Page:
“Financing Constraints now easing for the Canadian Cannabis Industry!”
Anyone involved in a Cannabis business in Canada, excluding public companies, are painfully aware that securing finance or funding is a difficult and harrowing experience. The reason for this inhibiting constraint is that every facet of the Canadian banking system, including credit unions, are linked with their United States counterparts or partner Banks. American banks and financial institutions are constrained by U.S.
Federal law in dealings with the cannabis industry. Canada is a sovereign country and should not be constrained by United States federal laws, but the two countries' business is intertwined.
More recently, there has been an easing of these financial constraints in funding Canadian cannabis business. Now is the time to take advantage of the current business environment.
The following is a discussion of the current landscape in terms of the different solutions and avenues to secure finance to grow your cannabis business successfully.
Depending on what stage your business has reached, funding of your cannabis business can be differentiated into three different Stages;
The first stage is pre-licensing: this is when the build out of the cultivation and processing facility is taking place for the evidence package submission to obtain the Cannabis License. Large capital expenditure is required for the build out to meet stringent Health Canada good production practices (GPP) criteria. Although Health Canada does not require any equipment in the submission of the evidence package.
The pre-licensing or start upstage there are no operations and hence no revenues. Up until the present time, asset based loans have been difficult to obtain because of the cannabis financial constraints explained above, but this is now easing. Historically, most sources of funding are from friends and family or personal finances, agricultural farm credit, and in some cases cannabis crowdfunding.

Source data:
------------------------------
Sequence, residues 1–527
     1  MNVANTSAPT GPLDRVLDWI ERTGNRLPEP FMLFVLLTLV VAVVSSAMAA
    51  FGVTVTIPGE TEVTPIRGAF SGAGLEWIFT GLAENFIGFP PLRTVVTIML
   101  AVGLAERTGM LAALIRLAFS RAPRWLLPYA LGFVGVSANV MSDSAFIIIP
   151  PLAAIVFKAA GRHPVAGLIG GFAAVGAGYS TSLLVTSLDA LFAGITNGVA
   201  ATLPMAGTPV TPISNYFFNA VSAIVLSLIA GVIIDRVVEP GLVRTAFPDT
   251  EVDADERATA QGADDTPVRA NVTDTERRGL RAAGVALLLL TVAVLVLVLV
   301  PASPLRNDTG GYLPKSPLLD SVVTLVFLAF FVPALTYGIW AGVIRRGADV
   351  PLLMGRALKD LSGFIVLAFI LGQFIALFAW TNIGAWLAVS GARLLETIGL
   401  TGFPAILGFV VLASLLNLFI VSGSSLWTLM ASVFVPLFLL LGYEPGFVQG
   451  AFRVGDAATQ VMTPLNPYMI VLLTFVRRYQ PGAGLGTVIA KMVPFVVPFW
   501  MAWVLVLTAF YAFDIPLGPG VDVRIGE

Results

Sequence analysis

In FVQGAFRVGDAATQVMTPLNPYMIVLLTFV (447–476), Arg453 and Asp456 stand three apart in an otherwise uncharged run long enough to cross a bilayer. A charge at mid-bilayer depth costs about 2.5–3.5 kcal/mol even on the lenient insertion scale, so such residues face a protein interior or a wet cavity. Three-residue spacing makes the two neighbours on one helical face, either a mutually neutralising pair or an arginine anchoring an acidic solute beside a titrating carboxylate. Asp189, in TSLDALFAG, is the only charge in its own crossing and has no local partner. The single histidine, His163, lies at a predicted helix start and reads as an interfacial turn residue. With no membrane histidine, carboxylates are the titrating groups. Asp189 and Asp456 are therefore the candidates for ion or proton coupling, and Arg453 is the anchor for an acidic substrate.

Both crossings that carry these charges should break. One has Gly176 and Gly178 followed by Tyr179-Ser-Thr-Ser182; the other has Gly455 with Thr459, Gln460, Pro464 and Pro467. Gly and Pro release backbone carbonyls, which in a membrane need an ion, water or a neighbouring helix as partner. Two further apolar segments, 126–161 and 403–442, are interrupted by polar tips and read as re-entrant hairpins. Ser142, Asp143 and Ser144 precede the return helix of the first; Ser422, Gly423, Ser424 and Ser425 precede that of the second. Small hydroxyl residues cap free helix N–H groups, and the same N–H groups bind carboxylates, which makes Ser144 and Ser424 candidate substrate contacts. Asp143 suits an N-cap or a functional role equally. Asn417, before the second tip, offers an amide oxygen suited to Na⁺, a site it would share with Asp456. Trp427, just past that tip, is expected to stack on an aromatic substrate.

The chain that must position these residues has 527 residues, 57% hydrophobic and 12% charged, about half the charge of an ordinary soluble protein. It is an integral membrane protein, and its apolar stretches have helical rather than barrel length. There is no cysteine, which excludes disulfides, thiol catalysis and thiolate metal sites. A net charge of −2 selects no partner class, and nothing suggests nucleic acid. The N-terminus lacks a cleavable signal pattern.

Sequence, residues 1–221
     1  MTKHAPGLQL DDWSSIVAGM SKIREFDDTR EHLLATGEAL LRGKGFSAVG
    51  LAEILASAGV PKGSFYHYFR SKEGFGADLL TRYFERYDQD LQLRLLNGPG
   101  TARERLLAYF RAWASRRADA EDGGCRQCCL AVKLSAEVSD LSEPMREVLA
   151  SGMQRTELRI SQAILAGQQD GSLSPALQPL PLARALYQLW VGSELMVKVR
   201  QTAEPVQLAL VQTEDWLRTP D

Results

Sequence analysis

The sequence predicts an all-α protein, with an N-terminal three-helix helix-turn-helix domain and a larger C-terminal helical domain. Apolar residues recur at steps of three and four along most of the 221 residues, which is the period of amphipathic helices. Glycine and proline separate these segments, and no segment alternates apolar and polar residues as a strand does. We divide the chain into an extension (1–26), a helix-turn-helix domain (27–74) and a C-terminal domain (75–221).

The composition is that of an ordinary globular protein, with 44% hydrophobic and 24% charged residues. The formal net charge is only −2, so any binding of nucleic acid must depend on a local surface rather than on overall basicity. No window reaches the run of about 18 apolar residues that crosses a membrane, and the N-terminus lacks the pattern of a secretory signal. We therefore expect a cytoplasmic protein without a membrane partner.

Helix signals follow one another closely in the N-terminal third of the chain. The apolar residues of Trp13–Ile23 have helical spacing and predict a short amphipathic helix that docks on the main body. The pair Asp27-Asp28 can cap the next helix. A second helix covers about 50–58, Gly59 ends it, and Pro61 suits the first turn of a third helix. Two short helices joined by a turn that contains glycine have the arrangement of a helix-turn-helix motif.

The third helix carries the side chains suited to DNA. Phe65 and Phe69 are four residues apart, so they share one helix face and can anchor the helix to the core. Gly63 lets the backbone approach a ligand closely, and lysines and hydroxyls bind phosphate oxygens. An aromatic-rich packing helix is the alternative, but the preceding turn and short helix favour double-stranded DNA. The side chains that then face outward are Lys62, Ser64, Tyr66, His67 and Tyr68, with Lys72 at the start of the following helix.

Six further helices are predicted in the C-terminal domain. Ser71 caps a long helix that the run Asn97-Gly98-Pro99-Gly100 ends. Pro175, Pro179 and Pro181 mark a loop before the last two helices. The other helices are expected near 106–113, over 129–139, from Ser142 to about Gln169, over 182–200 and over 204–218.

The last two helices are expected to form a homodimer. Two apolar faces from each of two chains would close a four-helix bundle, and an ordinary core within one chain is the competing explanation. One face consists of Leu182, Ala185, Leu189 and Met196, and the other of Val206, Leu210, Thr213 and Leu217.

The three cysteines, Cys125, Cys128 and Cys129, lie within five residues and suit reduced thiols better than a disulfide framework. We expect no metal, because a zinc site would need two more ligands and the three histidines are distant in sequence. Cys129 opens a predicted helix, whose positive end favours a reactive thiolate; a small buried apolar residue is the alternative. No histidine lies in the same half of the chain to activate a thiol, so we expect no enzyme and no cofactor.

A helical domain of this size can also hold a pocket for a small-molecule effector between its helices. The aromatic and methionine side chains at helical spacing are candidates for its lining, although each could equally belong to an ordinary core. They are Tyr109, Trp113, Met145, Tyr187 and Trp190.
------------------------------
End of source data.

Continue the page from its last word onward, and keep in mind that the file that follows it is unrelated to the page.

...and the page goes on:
One of the most recommended strategies made to our clients is to pursue a phased build out strategy or what is termed "block by block" build out. This means initially building out a smaller portion of the intended facility. This is recognized by Health Canada as the difficulty in funding is well recognized. The reasons for this approach is simple: a small spend to obtain the cannabis license, begin operations and realize revenues, then use this financial information to fund the scale up operation. In this manner, it is possible to build out successive scaled up operations using previous small business successes. We specialise in phased build outs and also help in saving usually many tens of thousands of dollars in costs and time.
The second stage is post licensing, which is directly after the license has been granted but before commercial operations begin. This is when cannabis equipment financing is required to be purchased or leased and working capital is needed in anticipation of commencement of operations. Fortunately, there are now a few financial institutions in our network that will lend against the Cannabis Health Canada license and other assets to procure working capital. Also, they are a number of financial institutions that will finance equipment purchase after the license grant. A comprehensive cannabis business plan will be required along with other information and guarantees to secure this finance. Additional funding can be supplemented using the friend and family and possibly crowdfunding routes. This funding process uses our financial partnership network and our financial tools to assist our clients.
The third and final stage of funding is the easiest of all three stages. This is when the business is fully operational and is generating invoices against revenue and has a business history. This is the stage when the business is growing rapidly and requires more working capital to sustain this growth the financial tools used here is factoring the invoices raised against delivery of cannabis to the provincial liquor boards, or in the case of medical sales to patients. This will allow for easier cash flow without having to wait extended periods of time before payment by the liquor board. This finance facilitation is achieved using our financial partnership network and other resources we have to assist our clients.
Another avenue to consider in easing cash flow, and also reducing costs is to consider a joint venture with a processor that has importer product partners which will buy the product at predetermined prices and will pay immediately against delivery in the foreign country. A good example of such a joint venture is Everest BioPharma International Inc., in Kelowna BC which offers a cooperative model whereby the cultivator purchases a cooperative membership to receive processing discounts in the domestic market and also export opportunities. Everest BioPharma will also assist the cultivator to obtain good agricultural collection practices (GACP) certification so that the product can be exported by passing the LCQB resulting predetermined prices increased profits, and quicker payments.